Mid-level health workers (MLHWs) form the front-line of service delivery in many low- and middle-income countries. Supervision is a critical institutional intervention linking their work to the health system, and it consists of activities intended to support health workers’ motivation and enable them to perform. However its impact depends not only on the frequency of these activities but also how they are carried out and received. This study aims to deepen understanding of the mechanisms through which supervision activities support the performance of auxiliary nurses, a cadre of MLHWs, in rural Guatemala.
A multiple case study was conducted to examine the operation of supervision of five health posts using a realist evaluation approach. A program theory was formulated describing local understanding of how supervision activities are intended to work. Data was collected through interviews and document review to test the theory. Analysis focused on comparison of activities, outcomes, mechanisms and the influence of context across cases, leading to revision of the program theory.
The supervisor’s orientation was identified as the main mechanism contributing to variation observed in activities and their outcomes. Managerial control was the dominant orientation, reflecting the influence of standardized performance criteria and institutional culture. Humanized support was present in one case where the auxiliary nurse was motivated by the sense that the full scope of her work was valued. This orientation reflected the supervisor’s integration of her professional identity as a nurse.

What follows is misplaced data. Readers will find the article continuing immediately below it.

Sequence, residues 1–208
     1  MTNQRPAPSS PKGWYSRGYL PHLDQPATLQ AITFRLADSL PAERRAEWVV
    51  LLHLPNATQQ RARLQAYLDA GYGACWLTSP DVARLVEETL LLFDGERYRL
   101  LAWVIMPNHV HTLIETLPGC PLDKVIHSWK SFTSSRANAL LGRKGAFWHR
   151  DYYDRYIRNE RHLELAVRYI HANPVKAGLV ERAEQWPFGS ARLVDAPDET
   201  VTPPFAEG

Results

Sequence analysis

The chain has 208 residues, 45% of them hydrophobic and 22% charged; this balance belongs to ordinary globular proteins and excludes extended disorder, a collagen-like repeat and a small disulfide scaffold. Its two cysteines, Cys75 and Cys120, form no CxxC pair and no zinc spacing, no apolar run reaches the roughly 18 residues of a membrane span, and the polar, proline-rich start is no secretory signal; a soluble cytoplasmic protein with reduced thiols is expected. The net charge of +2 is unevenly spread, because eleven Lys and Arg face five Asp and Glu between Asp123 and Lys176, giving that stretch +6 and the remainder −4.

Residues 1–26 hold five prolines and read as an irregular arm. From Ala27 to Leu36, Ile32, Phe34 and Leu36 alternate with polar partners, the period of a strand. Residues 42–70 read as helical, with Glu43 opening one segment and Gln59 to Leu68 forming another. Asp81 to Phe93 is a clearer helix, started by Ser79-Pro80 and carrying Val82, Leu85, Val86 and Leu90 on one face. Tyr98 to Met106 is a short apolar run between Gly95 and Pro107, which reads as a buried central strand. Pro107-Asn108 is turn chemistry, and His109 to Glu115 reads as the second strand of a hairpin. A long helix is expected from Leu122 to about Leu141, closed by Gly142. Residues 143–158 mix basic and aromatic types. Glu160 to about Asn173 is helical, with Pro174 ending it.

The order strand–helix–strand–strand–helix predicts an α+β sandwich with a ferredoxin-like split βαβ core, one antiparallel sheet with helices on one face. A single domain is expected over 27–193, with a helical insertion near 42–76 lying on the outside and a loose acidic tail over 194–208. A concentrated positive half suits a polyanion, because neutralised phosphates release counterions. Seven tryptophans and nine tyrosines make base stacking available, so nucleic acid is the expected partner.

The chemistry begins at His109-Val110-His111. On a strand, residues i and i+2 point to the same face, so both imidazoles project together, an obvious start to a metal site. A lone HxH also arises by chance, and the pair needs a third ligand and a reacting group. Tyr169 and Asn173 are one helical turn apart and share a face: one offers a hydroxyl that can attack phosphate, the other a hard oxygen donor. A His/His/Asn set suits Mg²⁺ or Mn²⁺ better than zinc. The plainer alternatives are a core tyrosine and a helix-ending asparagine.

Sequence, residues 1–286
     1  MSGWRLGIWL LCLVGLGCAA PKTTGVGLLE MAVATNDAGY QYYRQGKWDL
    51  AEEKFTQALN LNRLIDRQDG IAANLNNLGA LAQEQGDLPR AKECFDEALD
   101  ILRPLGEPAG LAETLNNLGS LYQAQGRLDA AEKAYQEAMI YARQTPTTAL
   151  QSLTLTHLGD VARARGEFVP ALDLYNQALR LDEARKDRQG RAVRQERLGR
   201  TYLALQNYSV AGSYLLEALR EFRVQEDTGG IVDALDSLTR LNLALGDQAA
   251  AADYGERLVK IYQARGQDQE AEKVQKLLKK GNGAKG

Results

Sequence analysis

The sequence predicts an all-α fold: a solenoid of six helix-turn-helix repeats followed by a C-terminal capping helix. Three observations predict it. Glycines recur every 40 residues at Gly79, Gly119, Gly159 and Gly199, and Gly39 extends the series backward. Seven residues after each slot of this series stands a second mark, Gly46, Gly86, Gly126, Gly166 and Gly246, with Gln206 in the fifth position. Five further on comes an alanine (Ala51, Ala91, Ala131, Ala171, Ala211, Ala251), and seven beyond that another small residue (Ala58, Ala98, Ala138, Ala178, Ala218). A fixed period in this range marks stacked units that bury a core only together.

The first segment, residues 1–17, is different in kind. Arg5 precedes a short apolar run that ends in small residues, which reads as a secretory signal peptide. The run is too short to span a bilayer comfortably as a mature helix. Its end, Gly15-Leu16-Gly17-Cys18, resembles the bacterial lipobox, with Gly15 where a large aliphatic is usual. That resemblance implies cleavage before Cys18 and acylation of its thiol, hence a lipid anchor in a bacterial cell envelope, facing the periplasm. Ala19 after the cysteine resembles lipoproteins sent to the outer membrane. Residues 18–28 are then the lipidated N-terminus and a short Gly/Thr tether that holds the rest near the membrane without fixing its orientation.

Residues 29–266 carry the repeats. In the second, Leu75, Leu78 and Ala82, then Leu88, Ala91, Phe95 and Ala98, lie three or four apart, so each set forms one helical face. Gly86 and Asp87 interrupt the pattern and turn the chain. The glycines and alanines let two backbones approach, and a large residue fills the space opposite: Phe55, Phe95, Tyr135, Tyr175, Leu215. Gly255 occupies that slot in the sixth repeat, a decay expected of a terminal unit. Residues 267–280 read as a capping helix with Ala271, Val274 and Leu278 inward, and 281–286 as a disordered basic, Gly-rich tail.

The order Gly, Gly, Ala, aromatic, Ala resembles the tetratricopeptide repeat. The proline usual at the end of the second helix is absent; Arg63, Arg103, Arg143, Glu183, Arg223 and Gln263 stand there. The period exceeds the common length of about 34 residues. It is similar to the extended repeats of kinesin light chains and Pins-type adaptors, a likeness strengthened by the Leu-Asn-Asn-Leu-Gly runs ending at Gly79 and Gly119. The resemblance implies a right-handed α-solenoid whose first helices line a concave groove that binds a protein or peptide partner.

The nature of the support health workers received was shaped by supervisors’ orientation, and in this study, nursing principles were central to humanized support. Efforts to strengthen the support that supervision provides to MLHWs should promote professional ethos as a means of developing shared performance goals and orient supervisors to a more holistic view of the health worker and their work.